“If I waited for perfection, I would never write a word.” – Margaret Atwood
Some days it’s all I can do to string words together to make a coherent sentence. Somedays, I’m not even sure I can qualify that sentence with “coherent”. Every writer runs into days when the words don’t come easy. But we write anyway. We struggle to put out a few hundred words, and the next day we look at those words with fresh eyes. Maybe they won’t be as awful as they felt when we wrote them. Maybe, by some miracle of the writing world, we stumbled through our writing and the resulting paragraphs are examples of writing at its finest.
It doesn’t happen that way. At least it doesn’t for me. That second look at what I’ve written makes me cringe in embarrassment. How could I stoop to such depths of telling instead of showing? Can you even have a cacophony of colors when a cacophony is a mixture of sounds? And why is my protagonist completely ignoring the events of the last three chapters?
It’s painful, and it makes me grateful that editing is part of the process of writing. I don’t have to succeed perfectly the first time. It would be strange if I did. I need to take a second look, maybe even a third and fourth. I need input from others who know the craft of writing. They can catch things that my eyes miss after being dulled by multiple readings to what is actually written on the page. It’s a long process, but every time I go through it, I learn something I can take with me to the next project.
When I internalize those lessons, they work their way into my next manuscript. It doesn’t mean that manuscript will be perfectly written the first time either. But it does mean, the editing process will be less intense this time around. It means my editors can focus on the next issue I need to get control of. It means I have grown a little more as a writer and am better at it than I was the day before. And it starts by being willing to write, even when the words don’t come easy and I know the results will be less than stellar.
Less than stellar. It’s a feeling I’ve known in more than my writing life. When I look at my Christian life, I’ve also gotten to know that feeling. I can remember times when I meant to do good and yet stumbled my way into hurting people I care about. I set out to witness to someone, and power my way through it without finesse or discernment pushing the person away in the process. As a Christian parent, I can think of so many times I have failed to be the example my children needed to see. I’ve taken some things too seriously and others not seriously enough.
It’s rough. I want to be the person God designed me to be. I don’t set out to mess it all up. But in my inexperience or overzealousness I’ve ended up going in directions that God never meant for me to go. In my own hurt and struggles, I’ve let my sinful nature get the better of me and my witness has lost its power. I relate to Paul’s assertion that “the good that I want, I do not do, but I practice the very evil that I do not want” (Romans 7:19).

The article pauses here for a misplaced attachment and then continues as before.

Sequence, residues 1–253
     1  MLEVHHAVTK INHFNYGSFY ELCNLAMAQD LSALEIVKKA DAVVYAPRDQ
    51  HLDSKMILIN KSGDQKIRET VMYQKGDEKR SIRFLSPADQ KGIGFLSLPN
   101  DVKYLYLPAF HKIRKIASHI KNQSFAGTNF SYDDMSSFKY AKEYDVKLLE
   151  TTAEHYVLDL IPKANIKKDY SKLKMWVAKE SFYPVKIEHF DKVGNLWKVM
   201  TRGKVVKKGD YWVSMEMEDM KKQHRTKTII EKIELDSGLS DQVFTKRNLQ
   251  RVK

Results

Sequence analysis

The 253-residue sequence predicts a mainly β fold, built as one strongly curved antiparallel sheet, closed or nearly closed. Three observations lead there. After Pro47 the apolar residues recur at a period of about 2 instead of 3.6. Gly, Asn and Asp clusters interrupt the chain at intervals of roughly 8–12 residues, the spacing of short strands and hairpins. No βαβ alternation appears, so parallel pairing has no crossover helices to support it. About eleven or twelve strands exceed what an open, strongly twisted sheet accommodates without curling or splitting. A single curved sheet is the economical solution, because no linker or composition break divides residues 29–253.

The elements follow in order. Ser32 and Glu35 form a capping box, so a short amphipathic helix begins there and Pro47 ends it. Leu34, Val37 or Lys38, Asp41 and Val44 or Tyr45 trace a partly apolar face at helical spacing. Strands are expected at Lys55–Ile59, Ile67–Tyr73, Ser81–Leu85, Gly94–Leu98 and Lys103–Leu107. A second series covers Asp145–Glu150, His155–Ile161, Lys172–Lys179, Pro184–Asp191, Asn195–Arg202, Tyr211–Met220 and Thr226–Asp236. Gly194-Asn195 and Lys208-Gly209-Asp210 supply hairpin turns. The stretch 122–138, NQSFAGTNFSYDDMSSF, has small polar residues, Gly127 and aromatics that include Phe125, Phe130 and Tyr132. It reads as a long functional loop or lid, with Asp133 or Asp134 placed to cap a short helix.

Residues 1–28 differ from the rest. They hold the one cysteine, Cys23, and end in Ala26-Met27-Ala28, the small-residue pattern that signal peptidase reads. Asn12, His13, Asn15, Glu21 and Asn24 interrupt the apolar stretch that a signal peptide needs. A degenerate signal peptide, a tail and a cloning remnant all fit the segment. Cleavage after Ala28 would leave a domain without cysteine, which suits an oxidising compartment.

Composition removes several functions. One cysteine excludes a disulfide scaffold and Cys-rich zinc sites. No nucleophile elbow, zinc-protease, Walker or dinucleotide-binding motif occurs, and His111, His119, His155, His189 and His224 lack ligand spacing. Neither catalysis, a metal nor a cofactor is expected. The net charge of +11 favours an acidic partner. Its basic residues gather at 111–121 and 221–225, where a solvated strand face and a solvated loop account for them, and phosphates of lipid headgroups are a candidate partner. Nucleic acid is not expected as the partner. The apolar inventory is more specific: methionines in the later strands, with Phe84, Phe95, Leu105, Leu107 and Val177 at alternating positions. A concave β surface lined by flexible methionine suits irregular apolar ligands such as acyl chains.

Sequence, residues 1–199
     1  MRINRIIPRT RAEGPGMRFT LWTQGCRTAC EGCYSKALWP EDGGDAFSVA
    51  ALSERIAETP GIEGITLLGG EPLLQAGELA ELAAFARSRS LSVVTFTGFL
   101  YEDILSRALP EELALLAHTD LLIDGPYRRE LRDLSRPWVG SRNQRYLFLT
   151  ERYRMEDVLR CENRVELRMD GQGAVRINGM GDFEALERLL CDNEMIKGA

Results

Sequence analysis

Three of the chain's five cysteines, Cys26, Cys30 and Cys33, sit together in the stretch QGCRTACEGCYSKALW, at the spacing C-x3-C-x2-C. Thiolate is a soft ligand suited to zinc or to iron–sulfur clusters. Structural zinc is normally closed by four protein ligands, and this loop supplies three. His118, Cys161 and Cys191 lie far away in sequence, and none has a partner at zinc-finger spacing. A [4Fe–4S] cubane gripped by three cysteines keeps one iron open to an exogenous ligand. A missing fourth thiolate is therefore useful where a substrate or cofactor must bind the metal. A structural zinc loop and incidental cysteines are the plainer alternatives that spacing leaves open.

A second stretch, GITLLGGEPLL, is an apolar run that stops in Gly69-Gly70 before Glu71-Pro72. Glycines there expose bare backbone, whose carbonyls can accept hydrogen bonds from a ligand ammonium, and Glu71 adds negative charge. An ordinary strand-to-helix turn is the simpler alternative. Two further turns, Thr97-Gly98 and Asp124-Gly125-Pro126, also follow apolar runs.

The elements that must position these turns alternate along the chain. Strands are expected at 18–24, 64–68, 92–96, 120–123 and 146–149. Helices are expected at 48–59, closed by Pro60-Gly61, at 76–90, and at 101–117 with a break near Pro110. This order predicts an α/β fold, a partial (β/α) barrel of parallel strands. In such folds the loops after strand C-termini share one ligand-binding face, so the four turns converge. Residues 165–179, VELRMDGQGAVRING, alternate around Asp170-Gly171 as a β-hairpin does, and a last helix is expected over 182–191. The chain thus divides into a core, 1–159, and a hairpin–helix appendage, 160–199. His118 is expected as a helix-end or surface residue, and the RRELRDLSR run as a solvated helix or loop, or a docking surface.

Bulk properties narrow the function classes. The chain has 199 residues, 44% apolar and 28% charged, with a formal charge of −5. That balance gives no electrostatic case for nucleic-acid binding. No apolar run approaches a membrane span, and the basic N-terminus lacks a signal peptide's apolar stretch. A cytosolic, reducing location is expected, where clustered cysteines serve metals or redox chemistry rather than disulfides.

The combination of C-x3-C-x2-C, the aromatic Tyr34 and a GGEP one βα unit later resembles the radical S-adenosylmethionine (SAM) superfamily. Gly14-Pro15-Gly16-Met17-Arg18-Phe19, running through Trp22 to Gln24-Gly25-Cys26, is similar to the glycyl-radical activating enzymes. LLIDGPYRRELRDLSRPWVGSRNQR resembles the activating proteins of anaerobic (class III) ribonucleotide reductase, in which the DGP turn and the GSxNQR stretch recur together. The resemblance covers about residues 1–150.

But all is not lost. God looks at my heart. He knows my desire is for Him and living the way He wants me to live. He has made me a new creation, though I may struggle at times to live like it. Scripture is full of people who didn’t live the faith life perfectly, and God chose to use them in powerful ways. Our God is a redeeming God. He redeems us from our sin, and He can redeem situations when we fail for whatever reason. He’s also a forgiving God. Scripture tells us that if we confess our sins He I will forgive (1 John 1:9). It doesn’t say He’s faithful to forgive as long as that sin is never committed again, though He certainly desires for us to “go and sin no more” (John 8:11). He says He forgives if we have repentant hearts.
Scripture is often the editor of my faith. In it, I learn more of what God wants His people to be like. Through it I can see my sins and mistakes. God also uses other believers in my life to help me edit my walk of faith. As with writing editors, I have to weigh what they tell me against what the experts say. In this case, the only expert I can weigh their teachings against is scripture. If what they say rings true to scripture, then I know I can apply it to my life. I can use it to help me become more of the believer God intends me to be. When I internalize lessons from scripture and other mature believers, God teaches me, and I grow into a better example of what a follower of Jesus should be.
By the Book: Are you allowing God’s truth to work in your life, shaping you into the believer He would have you be?